The largest community soccer club in northern NSW, the New Lambton Eagles, has told members it will not participate in almost all interdistrict competitions this season, leaving about 1100 players looking for a new home.
New Lambton informed members on Tuesday that the club would not be part of Arnetts, Miniroos and Interdistrict competitions but they will play in the revised Northern League One and Herald Women's Premier League seasons.
The Eagles will also take part in Zone League 1 "pending advice from Newcastle Football on competition fees and structure" and the Skills Acquisition Program (SAP) if it goes ahead.
The decision to withdraw from Arnetts, a program for children with special needs, Miniroos (ages under 6-11) and Interdistrict (under 12-seniors) comes as clubs throughout the region survey members and weigh up the risks, feasibility and viability of playing amid COVID-19 restrictions.
Northern NSW Football and zone officials are working towards a resumption of football in early July and a 14-week season to finish in October. Soccer nationwide was suspended in mid-March and clubs were allowed to return to modified training only last week.
The NSW government announced later on Tuesday that under-18 sport can return from July 1 but senior competition was still in limbo. However, NNSWF boss David Eland was "hopeful that senior football can also return to play in early July".
In explaining its withdrawals, New Lambton said the open nature of Alder, Novocastrian and Regent parks would make it difficult for club volunteers to manage crowd numbers and maintain COVID-19 restrictions.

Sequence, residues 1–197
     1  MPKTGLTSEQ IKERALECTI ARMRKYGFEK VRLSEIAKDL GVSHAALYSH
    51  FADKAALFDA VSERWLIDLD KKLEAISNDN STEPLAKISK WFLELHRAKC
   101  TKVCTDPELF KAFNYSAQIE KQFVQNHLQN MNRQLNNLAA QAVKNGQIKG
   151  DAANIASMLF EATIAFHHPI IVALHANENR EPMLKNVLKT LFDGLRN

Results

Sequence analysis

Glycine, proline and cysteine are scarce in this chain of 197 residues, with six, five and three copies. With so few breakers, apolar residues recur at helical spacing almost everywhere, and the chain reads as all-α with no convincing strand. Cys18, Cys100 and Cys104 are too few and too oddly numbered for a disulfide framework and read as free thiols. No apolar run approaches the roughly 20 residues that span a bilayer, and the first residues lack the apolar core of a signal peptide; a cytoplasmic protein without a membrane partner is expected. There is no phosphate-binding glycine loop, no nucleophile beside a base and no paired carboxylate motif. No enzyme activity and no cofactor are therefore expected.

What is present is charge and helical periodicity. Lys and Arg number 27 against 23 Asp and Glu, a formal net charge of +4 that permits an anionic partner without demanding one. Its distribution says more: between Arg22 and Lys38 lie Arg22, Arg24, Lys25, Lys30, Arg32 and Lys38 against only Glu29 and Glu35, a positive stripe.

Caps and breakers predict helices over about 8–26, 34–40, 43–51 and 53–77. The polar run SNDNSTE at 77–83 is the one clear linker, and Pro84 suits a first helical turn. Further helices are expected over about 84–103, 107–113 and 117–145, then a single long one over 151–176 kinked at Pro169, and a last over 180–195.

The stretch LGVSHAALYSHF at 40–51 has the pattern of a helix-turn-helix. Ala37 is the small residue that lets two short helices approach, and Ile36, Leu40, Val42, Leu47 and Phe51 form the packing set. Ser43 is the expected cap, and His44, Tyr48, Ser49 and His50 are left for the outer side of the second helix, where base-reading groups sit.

The club's survey also found higher than expected proportions of interdistrict players would request a refund, leading to player shortages, and there were concerns over refunds if play was suspended.
The Eagles estimated reductions of $150,000 in revenue from sponsorship losses and the absence of canteen operations because of restrictions. They were also concerned with the potential loss of committee people because of burnout.
"The decision to not participate in Mini Roos and Interdistrict competitions in 2020 was not one that was easy for any us and our hearts go out to all the kids who will miss out," New Lambton told members in an email.
"As volunteers, we give up many hours every week so that others can enjoy football and be part of New Lambton FC. We understand that many of our members will be very disappointed by this news and question our position, but without certainty of all requirements being relaxed, clubs must make decisions on 'worst case scenarios' (e.g. restrictions being in place all season long).
"While this decision will not be welcomed by everyone, we hope you appreciate that our experience running a club the size and diversity of New Lambton, the conditions placed upon the club and the results of the survey together make it very difficult, near impossible, for us to provide an overall safe and efficient outcome for our members and the club."
New Lambton will refund club fees, less the government's Active Kids Voucher.
Newcastle Football chief executive Russell Henry was unsure of the process but he believed junior New Lambton players could use their Active Kids Voucher at another club or sport this year.